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Two ceremonies are due to be held on Wednesday and one on Friday. The events, which will will involve graduands from a range of UC colleges, aim to draw more people into the central city as students slip on their academic regalia and take part in a parade from The Arts Centre to the Christchurch Town Hall before their ceremonies.
Last year a record number of UC students graduated, with almost 3000 taking part in the 2020 ceremonies.
One of this year's graduates says a drive to help troubled young people is behind her decision to study criminal justice at UC.
Alex Wilson, 22, will be one of the first six people to graduate with a Master of Criminal Justice degree from UC at the Christchurch Town Hall on Wednesday.
Wilson initially had plans to apply for police college but said her studies revealed other choices and opportunities.
"I’ve learned so much about youth justice and it’s opened my eyes to what I really want to do.
"It’s a small class so we’ve become close and we’re looking forward to celebrating our graduation together."
The post-graduate MCJ qualification was introduced at UC for the first time last year.
UC Criminal Justice director Jarrod Gilbert said the masters course gives students an even greater skillset before entering the workforce.
"I feel immensely proud of these first graduates. I think our criminal justice system will be better off with them contributing to it."
Wilson already has a Bachelor of Criminal Justice from UC, and has worked part-time at Te Puna Wai ō Tuhinapo youth justice residence in Rolleston while studying. She is now looking for a full-time role where she hopes to help young people stay out of crime.
"Working at the residence has made me realise what these kids have gone through and how they don’t have support networks around them," she said.
"I understand more about the importance of that support in preventing crime and trying to stop young people ending up in the youth justice system or in prison.
"The MCJ course was very discussion-based and we talked a lot of about what’s happening in our criminal justice system today.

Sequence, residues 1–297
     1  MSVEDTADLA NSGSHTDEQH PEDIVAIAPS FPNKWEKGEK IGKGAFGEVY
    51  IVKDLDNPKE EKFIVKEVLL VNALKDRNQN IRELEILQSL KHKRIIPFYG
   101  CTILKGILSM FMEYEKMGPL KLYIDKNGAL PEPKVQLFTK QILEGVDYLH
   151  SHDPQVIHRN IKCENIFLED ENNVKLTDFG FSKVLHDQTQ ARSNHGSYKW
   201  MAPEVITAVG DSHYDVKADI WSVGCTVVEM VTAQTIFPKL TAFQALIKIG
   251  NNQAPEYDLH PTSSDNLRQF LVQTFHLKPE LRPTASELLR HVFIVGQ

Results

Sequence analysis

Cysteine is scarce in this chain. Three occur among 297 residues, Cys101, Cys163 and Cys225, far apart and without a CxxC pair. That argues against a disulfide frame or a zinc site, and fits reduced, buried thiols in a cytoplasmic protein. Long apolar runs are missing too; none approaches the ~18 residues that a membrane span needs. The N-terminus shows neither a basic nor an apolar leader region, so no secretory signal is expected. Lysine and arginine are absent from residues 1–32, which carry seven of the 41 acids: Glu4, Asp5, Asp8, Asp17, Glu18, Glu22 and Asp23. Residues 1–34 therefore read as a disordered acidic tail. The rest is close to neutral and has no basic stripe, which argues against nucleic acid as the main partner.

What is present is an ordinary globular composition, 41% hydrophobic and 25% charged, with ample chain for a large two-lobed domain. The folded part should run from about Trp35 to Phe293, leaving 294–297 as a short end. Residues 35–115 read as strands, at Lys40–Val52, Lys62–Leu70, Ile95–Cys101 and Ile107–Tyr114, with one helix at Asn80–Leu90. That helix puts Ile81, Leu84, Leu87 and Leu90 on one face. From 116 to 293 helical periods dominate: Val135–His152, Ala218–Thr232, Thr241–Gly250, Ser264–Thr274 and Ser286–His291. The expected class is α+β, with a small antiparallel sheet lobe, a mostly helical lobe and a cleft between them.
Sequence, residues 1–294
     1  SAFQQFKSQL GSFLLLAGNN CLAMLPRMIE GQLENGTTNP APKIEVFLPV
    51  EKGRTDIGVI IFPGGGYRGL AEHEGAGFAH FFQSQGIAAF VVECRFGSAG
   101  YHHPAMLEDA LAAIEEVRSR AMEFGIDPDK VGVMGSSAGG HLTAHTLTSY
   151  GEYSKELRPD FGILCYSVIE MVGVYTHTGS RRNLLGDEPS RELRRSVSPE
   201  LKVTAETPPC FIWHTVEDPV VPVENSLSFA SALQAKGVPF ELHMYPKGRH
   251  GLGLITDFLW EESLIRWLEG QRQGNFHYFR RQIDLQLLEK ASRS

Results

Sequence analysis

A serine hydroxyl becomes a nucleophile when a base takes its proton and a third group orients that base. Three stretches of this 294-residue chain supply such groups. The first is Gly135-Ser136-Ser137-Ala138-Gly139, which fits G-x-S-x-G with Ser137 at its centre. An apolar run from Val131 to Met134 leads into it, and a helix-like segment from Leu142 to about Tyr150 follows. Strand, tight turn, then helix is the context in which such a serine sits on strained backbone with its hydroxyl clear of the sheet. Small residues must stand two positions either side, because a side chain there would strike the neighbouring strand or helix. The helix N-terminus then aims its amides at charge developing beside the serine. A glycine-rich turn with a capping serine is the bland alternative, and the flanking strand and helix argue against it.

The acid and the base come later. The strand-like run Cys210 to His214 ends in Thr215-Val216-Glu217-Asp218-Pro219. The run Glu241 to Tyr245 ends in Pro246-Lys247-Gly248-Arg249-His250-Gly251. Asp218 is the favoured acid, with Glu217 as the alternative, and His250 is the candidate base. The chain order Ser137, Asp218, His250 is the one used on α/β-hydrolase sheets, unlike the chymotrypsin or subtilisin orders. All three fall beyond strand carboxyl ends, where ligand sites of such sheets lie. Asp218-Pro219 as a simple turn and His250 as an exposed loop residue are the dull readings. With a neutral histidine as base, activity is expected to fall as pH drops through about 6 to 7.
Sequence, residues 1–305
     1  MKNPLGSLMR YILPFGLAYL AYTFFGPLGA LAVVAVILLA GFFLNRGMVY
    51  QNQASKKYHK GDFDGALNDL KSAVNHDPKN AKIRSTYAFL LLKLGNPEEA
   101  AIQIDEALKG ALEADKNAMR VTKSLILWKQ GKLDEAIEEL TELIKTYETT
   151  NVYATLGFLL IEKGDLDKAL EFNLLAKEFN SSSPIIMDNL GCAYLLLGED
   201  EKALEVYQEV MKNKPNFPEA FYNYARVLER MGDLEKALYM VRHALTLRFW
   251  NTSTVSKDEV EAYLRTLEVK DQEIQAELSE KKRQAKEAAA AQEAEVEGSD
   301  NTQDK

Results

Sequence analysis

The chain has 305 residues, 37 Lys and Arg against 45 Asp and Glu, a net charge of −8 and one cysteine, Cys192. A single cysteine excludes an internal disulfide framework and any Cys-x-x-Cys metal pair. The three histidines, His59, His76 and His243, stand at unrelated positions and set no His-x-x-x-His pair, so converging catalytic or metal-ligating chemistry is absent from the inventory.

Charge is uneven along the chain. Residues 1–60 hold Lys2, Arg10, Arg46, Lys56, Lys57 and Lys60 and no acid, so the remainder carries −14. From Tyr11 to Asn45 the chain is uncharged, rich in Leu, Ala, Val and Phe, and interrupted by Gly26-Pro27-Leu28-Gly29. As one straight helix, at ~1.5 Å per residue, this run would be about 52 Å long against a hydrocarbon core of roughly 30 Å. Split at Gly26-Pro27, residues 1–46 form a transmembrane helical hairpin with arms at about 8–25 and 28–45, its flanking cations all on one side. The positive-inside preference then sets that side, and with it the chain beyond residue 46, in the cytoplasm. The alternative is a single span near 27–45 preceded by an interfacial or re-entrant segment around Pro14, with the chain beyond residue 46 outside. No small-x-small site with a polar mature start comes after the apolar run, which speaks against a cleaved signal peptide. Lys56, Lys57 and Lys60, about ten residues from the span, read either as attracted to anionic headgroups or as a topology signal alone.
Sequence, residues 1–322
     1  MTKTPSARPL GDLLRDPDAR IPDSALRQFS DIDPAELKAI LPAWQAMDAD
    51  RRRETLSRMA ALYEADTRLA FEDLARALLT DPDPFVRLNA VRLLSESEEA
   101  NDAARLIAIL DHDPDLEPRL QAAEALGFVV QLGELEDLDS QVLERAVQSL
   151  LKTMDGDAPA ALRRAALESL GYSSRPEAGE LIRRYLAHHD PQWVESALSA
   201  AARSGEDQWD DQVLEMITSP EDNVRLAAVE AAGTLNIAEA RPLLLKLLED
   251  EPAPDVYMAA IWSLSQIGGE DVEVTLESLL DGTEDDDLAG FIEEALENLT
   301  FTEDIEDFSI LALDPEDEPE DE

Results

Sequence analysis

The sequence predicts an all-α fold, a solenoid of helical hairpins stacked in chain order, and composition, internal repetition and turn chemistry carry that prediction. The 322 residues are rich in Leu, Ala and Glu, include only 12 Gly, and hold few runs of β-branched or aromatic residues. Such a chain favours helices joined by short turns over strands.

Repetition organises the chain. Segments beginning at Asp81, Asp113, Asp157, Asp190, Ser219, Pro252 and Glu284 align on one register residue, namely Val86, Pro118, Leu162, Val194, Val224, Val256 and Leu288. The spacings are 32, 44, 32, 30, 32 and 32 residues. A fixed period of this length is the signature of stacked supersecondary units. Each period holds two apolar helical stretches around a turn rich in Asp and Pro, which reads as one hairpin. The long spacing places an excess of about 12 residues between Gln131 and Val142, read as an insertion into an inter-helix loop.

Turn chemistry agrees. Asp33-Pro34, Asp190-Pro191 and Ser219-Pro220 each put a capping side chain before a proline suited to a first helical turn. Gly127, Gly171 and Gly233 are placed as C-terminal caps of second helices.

"We also visited Rolleston Prison and had several experts come in and talk to us about their experiences."
UC Tumu Whakarae | Vice-Chancellor Professor Cheryl de la Rey said the graduation ceremonies are important occasions.
"The university has strong connections with the city and we invite local people to take this opportunity to share in our students’ success after years of hard work.
“University of Canterbury graduates make a significant contribution to the Canterbury community and economy. Almost half - 47 per cent - of employed UC graduates who finished their study in 2019 found work in Ōtautahi Christchurch and the surrounding area."
Canterbury Employers’ Chamber of Commerce chief executive Leeann Watson said the influx of students and their whānau will bring a welcome boost to hospitality and retail businesses.
“Graduation ceremonies bring a real buzz and excitement to the city and they also demonstrate that Ōtautahi Christchurch continues to be a hub of quality education and innovation."
UC April Graduation Ceremonies at the Christchurch Town Hall:
Three UC graduations are being held in Christchurch this week, including two on Wednesday and one on Friday.
The events – involving nearly 1100 graduands from a range of Colleges will draw hundreds of people into the central city each day as students wearing academic regalia parade from The Arts Centre to the Christchurch Town Hall before attending their ceremonies.
Wednesday, April 14
- Te Rāngai Pūkaha | College of Engineering
- Te Rāngai Umanga me te Ture | College of Business and Law
- Te Rāngai Ako me te Hauora | College of Education, Health and Human Development